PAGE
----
“Your time is limited, so don’t waste it living someone else’s life. Don’t be trapped by dogma – which is living with the results of other people’s thinking. Don’t let the noise of other’s opinions drown out your own inner voice. And most important, have the courage to follow your heart and intuition. They somehow already know what you truly want to become. Everything else is secondary.”

– Steve Jobs

Defining ourselves by and for ourselves can be a difficult task.

There is constant external pressure which tries to shape our opinions, beliefs, and sense of self.

Not all pressure is bad pressure. Looking at the microcosm of family, I must say my parents have always held all their children to a high moral standard starting at a young age. Their influence (the pressure for me to “be good to people”) served to shape me into a very kind conscientious human being!

However, even as incredible as my family is – I still became intensely motivated to seek identity and value outside of their eyes during young adulthood. I had to make my own opinions of how to best live life. After all, at the end of this crazy ride only I would be accountable for the choices I made. Now that I’m more established in my “adulthood” , I realize that some of my views do not mesh seamlessly with those that love me most. To be honest – a handful of my opinions are in direct opposition of what they believe! But that’s OK. Even through differences we can still be united through love and respect without being identical.

There are many systems that humans developed to make sense of the world around them. At birth we are handed a certain worldview; we inherit our family/community views on everything from money, race, education, politics, food, dating, gender and religion. We pick up on how our families fight, how they interact with others, and what type of people they believe are “good” or”bad”. This slowly becomes our “normal” during the most formative years of our lives. Most people don’t give second thought to their “hand-me-down” views, yet alone question them. But it’s important to critically evaluate your beliefs and figure out if they improve your life or hinder your growth. Do the systems you subscribe to make you a better person? Do your views help enrich your life and the lives of those around you? Does anyone other than yourself ultimately profit from your belief in  a particular system?

Life presents endless opportunities to grow, experiment, win, lose, test, learn, hurt, and heal. And once you venture outside of your family, your home town, your first circle of friends – you’ll find that some of those views you grew up with will be challenged. During those times you may realize that deep inside you don’t believe everything you were taught about a certain group of people, a certain lifestyle, a certain belief system. At that moment you’ll have to decide if the safety of familiarity is worth denying your own inner voice.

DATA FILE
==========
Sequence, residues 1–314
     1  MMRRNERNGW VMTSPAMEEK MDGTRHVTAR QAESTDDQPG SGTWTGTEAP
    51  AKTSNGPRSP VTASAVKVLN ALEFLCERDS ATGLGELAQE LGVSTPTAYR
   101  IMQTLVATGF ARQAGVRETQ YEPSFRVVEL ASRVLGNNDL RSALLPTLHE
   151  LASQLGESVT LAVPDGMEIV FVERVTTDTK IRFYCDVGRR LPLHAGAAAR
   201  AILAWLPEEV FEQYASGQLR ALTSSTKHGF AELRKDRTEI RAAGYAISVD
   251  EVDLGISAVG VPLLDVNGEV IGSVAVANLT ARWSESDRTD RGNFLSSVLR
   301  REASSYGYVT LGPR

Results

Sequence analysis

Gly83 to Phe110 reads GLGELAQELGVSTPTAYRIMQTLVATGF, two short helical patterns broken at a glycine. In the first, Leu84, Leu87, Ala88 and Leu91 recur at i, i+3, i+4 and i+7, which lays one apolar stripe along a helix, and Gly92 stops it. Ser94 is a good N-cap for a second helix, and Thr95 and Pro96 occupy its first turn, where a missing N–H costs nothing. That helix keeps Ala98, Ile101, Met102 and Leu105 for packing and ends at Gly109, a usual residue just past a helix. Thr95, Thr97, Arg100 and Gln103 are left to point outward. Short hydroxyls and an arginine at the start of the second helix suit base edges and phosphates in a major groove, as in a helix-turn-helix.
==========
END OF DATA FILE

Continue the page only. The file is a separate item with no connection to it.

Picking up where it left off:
I don’t know for certain but I’m willing to bet no one gets prizes at the end of all this for being the best rule-follower. You are equipped with a compass and map inside of you that’s meant lead you where you really want to be.

Cheers to a unique journey for us all,

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Comparison in the Social Media Age

Theodore Roosevelt believed that “Comparison is the thief of joy”.

With this in mind – I unplugged from social media a few years ago.

In the beginning it was weird living without my timeline and a place to post all my happy photos and exciting news. But eventually it began to feel more organic. Phoning a friend with good news became less awkward. Arranging a dinner party through physical invites less tedious. I began to look forward to going over photos in person while laughing and telling the stories behind them. After a while I wondered why I previously posted photos in a frenzy as if I were releasing a CD be reviewed, admired, and critiqued.

This isn’t a rant about the evils of social media because we all know the ways in which it enhances our lives and increases inter-connectivity. Facebook makes it effortless to connect to far away friends and relatives and give them a glimpse into your life that they wouldn’t otherwise have. Social media can bring awareness to incredible causes like activism, charity, and education.

But, there can be a dark underbelly to the act of constantly polishing up our online lives for consumption and viewing the meticulously polished lives of others.

A few studies have been completed on the subject, one notable one by Jordan, Monin, Dweck, Lovett, John, & Gross in 2011. Their study found that heavy social media use can lead to symptoms of depression and inadequacy:

People tend to underestimate others’ negative emotions…  those afflicted with emotional difficulties may fail to recognize others’ internal struggles, which may compound feelings of loneliness and isolation.  – Jordan et al., 2011

Comparison happens. We ALL compare ourselves to others and it’s not always a bad thing! I compare my actions to those I admire or deeply respect. I ask: I am being as inclusive and kind to others as my personal idols? Am I being open and curious or am I closing off because I’m afraid of the unknown? Holding yourself to a standard that you truly believe in is a good thing. But comparing things like looks, lifestyle, career, and money can lead to depression and anxiety.


Below is an excerpt from Alice Walton’s article about Facebook and Depression :

“You should feel good after using Facebook . . .However, the unintended consequence is that if you compare yourself to your Facebook friends’ ‘highlight reels,’ you may have a distorted view of their lives and feel that you don’t measure up to them, which can result in depressive symptoms. If you’re feeling bad rather than good after using Facebook excessively, it might be time to reevaluate and possibly step away from the keyboard.”